Nick Bosa ‘happy’ with directing ’49ers’ after Deebo Samuel expansion

SANTA CLARA – Now that Dibo Samuel’s contract has been extended, Nick Bosa heads up the queue and patiently waits his turn.

That time probably won’t come until next year, as general manager John Lynch suggested last week, while invoking the 49ers’ homegrown history of expansion.

“I am very confident that when the time comes, it will be smooth,” Bosa said in an exclusive interview with this news organization after Monday’s practice. (The full question-and-answer session will be featured in the upcoming Season-Preview magazine.)

While Samuel was entering the final year of his rookie contract before Monday’s top-of-the-market deal (three years, $73.5 million), Bossa remains in control of the 49ers for two more seasons, his fifth year for them. 2023 by exercising the option of; This is a perk the team can only use on first-round picks.

Homegrown stars George Kittel, Fred Warner and now Samuel have received extensions in successive years as Bossa rose to No. 2 overall in 2019, when he won NFL Defensive Rookie of the Year honors on his way to the Super Bowl.

“I definitely got lucky. I could have been somewhere else,” Bossa said of landing with the 49ers. “I’m just happy, because this organization is so great. They give you all the resources you need.

“They listen to my input. Obviously, you have to get some respect in the building before you can give input, but I have a great relationship with (coach) Kyle (Shanahan) and John, so it’s all good.

Bossa started every game last season and collected a total of 15 1/2 sacks in the playoffs, plus four more sacks. It proved not only how well he came back from the 2020 knee reconstruction, but how well he deserves a pay raise among the NFL’s elite defensive ends.

Since the arrival of Lynch and coach Kyle Shanahan in 2017, the 49ers have taken care of their homegrown talent, have re-signed elite free agents such as Trent Williams, Kyle Juszcic, and Robbie Gould, and have created their own stalwarts. Like Jimmy Ward and Eric Armstead.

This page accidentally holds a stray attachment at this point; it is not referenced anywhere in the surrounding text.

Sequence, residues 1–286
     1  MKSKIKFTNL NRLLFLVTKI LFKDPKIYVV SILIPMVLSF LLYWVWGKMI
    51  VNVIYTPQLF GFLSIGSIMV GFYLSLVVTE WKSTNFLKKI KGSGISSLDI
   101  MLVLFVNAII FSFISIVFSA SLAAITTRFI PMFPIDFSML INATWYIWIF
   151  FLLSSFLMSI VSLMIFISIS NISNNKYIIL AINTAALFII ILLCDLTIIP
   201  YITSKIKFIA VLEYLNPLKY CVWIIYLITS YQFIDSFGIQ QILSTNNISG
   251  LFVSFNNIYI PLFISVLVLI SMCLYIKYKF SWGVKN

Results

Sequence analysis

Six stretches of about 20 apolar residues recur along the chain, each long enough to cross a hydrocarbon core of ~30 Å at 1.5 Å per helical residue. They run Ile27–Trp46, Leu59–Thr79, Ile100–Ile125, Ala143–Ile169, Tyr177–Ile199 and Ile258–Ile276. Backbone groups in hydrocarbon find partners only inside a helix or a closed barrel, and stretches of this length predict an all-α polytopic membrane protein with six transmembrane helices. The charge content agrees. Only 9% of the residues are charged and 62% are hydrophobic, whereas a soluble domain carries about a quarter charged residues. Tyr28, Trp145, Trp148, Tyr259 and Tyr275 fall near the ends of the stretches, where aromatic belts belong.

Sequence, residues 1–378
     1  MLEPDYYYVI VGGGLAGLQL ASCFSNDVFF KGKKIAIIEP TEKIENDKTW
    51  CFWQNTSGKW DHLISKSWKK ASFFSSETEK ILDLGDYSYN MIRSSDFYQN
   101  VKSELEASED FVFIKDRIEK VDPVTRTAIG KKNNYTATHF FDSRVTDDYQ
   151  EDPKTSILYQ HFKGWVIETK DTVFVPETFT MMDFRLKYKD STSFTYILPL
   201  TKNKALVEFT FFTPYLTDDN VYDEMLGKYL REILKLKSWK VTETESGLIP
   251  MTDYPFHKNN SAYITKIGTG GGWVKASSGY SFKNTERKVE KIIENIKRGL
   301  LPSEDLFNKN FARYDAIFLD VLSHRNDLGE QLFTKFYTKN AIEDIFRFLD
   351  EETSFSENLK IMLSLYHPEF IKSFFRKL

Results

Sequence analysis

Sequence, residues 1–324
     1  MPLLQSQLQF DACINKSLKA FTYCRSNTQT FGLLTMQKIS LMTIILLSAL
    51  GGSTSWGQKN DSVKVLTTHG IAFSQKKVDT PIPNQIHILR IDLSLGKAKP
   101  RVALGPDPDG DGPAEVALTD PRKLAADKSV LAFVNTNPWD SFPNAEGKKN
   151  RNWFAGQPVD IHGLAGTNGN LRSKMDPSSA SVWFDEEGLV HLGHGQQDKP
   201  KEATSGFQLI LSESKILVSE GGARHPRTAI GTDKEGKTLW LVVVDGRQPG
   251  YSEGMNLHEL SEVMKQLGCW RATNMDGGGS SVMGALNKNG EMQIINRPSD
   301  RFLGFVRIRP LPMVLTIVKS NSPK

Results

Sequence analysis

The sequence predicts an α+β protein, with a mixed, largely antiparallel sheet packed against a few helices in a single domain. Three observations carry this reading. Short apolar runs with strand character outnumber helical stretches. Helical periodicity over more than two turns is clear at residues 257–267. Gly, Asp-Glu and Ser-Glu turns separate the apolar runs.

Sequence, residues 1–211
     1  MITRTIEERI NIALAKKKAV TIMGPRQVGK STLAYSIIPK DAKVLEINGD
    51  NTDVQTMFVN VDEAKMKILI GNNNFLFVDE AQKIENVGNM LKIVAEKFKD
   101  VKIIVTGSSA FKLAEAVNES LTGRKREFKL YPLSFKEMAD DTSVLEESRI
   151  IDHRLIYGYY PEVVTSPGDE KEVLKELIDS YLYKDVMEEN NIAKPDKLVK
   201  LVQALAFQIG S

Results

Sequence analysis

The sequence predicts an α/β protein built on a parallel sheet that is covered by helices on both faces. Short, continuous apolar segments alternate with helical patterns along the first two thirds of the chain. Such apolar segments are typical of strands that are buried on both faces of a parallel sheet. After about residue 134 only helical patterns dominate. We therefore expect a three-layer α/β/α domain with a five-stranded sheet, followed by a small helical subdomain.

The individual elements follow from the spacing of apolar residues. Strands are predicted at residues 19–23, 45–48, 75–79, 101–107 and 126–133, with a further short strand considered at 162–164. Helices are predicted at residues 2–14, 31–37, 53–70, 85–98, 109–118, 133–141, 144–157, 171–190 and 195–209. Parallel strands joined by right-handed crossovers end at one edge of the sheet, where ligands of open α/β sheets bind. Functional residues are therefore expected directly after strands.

As knowledgeable in maintaining a championship-caliber roster as the 49ers, such deals aren’t easy to broker, and Bossa knows this as saying: “I know it’s Parag (Marathas, 49ers). ) is one of the hardest conversations with units.

Lynch and Shanahan are adamant that bossa is a fundamental asset they are determined to maintain for many years, even if at a record-setting price, which would mean in the range of $30 million per year. TJ Watts of the Pittsburgh Steelers reset the defensive end market last year with a deal (four years, $112 million) that surpasses the 2020 extension (five years, $135 million), which was signed by the Los Angeles Chargers. Awarded to Nick’s elder brother Joy Bossa.

Perhaps the 49ers’ ignition point for the Bossa deal comes when they remove Jimmy Garoppolo and his $24 million salary from the payroll, though a back-loaded deal is still financially feasible.

“If you look at our history, our synergies, you know most of our deals are done with one year left on the contract,” Lynch said on Tuesday. “Nick has two years left and so it’s not impossible, but it’s more likely that this is something that will be addressed next year.

“No absolutes, you never say never, but here’s what I do know: As long as we’re here, Nick Bossa is going to be a part of the Niners and he’ll be paid handsomely for doing so. So his time has come.” And when he comes, he will get what he deserves because man, what a special player.”

As Bossa looks “completely healthy, ready to go”, Shanahan glows when the camp opens.

“Have you seen him? It’s like someone literally engraved him. He’s like a sculpture,” Williams said. “You can’t do that just by waking up, eating cereal and playing sports. … The secret isn’t why he’s as good as he is. Obviously there’s talent, but work ethic outweighs talent.”

Bossa faced Williams in a few plays on Monday, one of which was a Trey Lance touchdown pass to Brendan Ayuk when Williams put Bossa on the perimeter.

“Trent kind of gets on my nerves how cool he is. No, I love him. He’s the best,” Bossa said. “It definitely humbles you.”

Another interesting scene later came into play. Bossa and Williams posed for a few pictures with each other and shared technique tips.

“To me, it’s a double-edged sword,” Williams said. “If Bossa asks a question, he wants to know something else. The ‘competitive me’ is hesitant to give him some of my secret tricks. At the end of the day, we’re here to make each other better. And that’s it. We are very transparent and its been the day since I came at the door.

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